Mr. Tetrault says the couple’s savings should last until their early to mid-90s providing they sell their home in about eight years and, after paying off the line of credit, invest the proceeds to cover future expenses, including rent. The money should be invested in their TFSAs, which Malcolm and Catherine have yet to use. In eight years they will build up plenty of contribution room. With cost-of-living increases to the annual contribution rates, they could have as much as $100,000 each in unused TFSA contributions, Mr. Tetrault says, so most of the profit from the sale of their home would be tax sheltered, providing a tax-free income late into retirement. Using this strategy, their portfolio can sustain a combined after-tax income of $60,000 annually instead of $60,000 before taxes. “I upped their lifestyle just to be conservative and to pay rent when they sell their home,” Mr. Tetrault says. “So they’re actually okay for cash, believe it or not.”
Mr. Turnbull’s advice
1. Malcolm and Catherine may need a higher market return than they realize.
Almost half of the combined, pre-tax retirement income of $60,000 they require annually will come from Catherine’s pension and their OAS and CPP benefits. The rest – about $33,000 – will be drawn from registered accounts over the next three decades. Whether a 4.5-per-cent return on their portfolio can sustain this drawdown depends on two factors: inflation and management costs. “Using after-fee, after-inflation returns of 2 per cent, 3 per cent and 4 per cent, the clients respectively need savings of $739,000, $646,000 or $570,000, in order to generate $33,000 income each year,” he says.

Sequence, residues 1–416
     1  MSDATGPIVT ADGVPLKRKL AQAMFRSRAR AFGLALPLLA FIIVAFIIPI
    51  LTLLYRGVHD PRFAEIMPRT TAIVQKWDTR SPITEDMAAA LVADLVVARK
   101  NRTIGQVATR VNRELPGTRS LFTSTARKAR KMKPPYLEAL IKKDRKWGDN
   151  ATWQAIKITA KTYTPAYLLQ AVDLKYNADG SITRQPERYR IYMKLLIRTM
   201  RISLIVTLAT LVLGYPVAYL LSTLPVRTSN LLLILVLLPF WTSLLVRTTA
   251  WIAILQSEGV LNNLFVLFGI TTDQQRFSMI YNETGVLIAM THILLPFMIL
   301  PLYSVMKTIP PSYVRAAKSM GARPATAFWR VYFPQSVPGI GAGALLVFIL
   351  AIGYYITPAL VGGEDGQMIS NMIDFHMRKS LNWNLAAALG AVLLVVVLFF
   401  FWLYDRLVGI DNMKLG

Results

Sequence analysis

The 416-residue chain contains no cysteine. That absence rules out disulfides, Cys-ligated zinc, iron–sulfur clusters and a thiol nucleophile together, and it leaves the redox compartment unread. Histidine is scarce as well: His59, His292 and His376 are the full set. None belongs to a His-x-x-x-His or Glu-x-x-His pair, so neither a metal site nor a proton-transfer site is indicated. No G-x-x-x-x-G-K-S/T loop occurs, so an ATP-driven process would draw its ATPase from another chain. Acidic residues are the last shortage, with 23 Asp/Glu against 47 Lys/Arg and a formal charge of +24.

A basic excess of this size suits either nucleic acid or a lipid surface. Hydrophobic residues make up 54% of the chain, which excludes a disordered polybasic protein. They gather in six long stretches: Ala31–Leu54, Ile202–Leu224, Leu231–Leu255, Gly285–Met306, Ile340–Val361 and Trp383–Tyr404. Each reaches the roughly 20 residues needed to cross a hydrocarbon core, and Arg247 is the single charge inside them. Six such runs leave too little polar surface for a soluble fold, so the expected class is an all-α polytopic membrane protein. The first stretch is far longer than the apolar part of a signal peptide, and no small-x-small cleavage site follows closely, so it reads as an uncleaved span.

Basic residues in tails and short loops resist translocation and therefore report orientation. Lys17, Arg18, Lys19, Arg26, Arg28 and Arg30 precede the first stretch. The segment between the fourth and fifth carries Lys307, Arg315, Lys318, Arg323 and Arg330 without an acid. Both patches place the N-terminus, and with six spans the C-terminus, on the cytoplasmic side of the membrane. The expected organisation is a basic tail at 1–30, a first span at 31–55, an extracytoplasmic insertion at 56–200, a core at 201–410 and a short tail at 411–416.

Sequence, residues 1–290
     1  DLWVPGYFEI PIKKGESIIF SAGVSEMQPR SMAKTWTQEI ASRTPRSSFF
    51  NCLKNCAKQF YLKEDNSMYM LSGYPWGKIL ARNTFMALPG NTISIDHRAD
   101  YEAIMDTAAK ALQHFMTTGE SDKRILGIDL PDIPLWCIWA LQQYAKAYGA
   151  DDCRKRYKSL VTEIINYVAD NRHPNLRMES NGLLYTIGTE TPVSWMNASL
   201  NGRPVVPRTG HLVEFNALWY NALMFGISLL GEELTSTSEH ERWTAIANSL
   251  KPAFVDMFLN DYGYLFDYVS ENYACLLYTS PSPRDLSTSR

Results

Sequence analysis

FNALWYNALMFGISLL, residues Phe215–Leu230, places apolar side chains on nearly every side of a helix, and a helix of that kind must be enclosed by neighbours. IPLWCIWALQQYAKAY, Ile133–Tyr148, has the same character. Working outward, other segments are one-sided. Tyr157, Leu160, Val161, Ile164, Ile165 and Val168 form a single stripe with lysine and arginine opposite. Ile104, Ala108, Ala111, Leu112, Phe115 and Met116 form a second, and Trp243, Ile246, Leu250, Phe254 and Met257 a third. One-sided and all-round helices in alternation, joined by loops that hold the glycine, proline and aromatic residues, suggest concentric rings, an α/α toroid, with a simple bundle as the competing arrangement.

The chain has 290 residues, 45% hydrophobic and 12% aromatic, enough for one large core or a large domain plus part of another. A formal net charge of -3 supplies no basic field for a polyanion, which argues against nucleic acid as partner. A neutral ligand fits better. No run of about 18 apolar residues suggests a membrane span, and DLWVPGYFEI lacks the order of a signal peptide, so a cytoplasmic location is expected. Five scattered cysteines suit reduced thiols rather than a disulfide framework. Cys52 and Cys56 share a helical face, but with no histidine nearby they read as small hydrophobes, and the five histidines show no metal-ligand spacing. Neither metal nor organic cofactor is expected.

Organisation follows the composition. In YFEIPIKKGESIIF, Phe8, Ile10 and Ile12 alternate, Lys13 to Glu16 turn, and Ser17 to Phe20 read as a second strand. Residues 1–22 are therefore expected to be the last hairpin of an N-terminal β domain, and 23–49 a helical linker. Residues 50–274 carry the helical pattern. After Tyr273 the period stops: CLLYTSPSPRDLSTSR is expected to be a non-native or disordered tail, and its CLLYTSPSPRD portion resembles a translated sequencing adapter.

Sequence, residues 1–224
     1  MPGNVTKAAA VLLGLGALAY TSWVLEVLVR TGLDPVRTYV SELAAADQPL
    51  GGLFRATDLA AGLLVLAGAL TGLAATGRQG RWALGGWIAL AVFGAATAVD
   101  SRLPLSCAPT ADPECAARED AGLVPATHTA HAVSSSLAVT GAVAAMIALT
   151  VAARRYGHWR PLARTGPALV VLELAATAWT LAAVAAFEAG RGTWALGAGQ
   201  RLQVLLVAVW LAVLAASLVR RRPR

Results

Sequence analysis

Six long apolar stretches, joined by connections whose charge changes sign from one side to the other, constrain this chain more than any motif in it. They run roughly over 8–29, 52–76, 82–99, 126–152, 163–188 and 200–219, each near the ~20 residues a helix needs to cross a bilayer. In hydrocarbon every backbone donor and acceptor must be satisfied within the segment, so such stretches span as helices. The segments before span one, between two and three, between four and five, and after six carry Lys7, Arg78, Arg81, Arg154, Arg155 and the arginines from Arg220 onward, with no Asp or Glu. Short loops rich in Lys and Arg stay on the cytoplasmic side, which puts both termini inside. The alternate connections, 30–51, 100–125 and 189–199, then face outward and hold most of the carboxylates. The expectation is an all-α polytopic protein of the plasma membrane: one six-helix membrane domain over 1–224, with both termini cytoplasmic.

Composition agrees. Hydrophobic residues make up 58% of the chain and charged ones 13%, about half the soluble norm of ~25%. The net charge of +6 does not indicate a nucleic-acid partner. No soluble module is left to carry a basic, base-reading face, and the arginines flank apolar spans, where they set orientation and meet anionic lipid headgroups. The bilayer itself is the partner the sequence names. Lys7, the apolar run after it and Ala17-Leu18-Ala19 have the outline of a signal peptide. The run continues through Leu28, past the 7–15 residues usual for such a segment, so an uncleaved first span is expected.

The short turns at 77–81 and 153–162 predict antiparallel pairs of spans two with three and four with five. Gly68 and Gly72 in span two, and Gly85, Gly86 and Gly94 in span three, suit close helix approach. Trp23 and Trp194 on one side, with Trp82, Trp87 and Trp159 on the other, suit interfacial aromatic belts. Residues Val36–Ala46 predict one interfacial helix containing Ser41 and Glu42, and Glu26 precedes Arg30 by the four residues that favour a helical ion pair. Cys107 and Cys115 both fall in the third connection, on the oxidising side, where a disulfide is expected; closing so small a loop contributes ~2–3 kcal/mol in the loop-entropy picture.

In other words, if inflation is 2 per cent and fees are 1 per cent, they will need a market return of about 6 per cent annually from their $600,000-portfolio over the next 30 years to generate $33,000 of annual income.
One way to increase their likelihood of success is to reduce the fees they pay, using a portfolio strategy that invests in passive exchange traded funds (ETFs). The management costs on ETFs are a small fraction of those charged for mutual funds, and although a portfolio of index-tracking ETFs will not “beat the market,” it will not underperform it either. Mr. Turnbull says since most actively managed funds fail to consistently outperform their benchmark indices; a portfolio of well-diversified, low-cost ETFs has a greater probability of achieving the 4.5 per cent they need than their current mutual fund portfolio.
2. Their investment mix is adequate as long as it is properly diversified.
Although it’s understandable that this couple is worried about their portfolio’s asset mix, the current 45-55 per cent split of equities and bonds has a high probability of providing them with more than their required returns over the long term if their money is properly diversified across five broad asset classes – bonds, real estate, and Canadian, U.S. and international stocks. Since 1979, the benchmark return for a portfolio similar to their current asset allocation – diversified across the aforementioned asset classes – has averaged about 8-per-cent annual returns.
3. Interest rate hikes are not entirely bad for their portfolio.
Rising interest rates can result in capital losses to their fixed-income assets in the short-term, but at the same time, rate hikes generally only occur in the midst of good economic conditions. As a result, their equity holdings will likely increase in value as the economy improves, which should offset any losses sustained to their bond holdings. Longer-term, rising rates are good news for retirees reliant on fixed-income investments because despite the initial losses to bond holdings, future investment in this asset class will provide higher yields based on higher interest rates.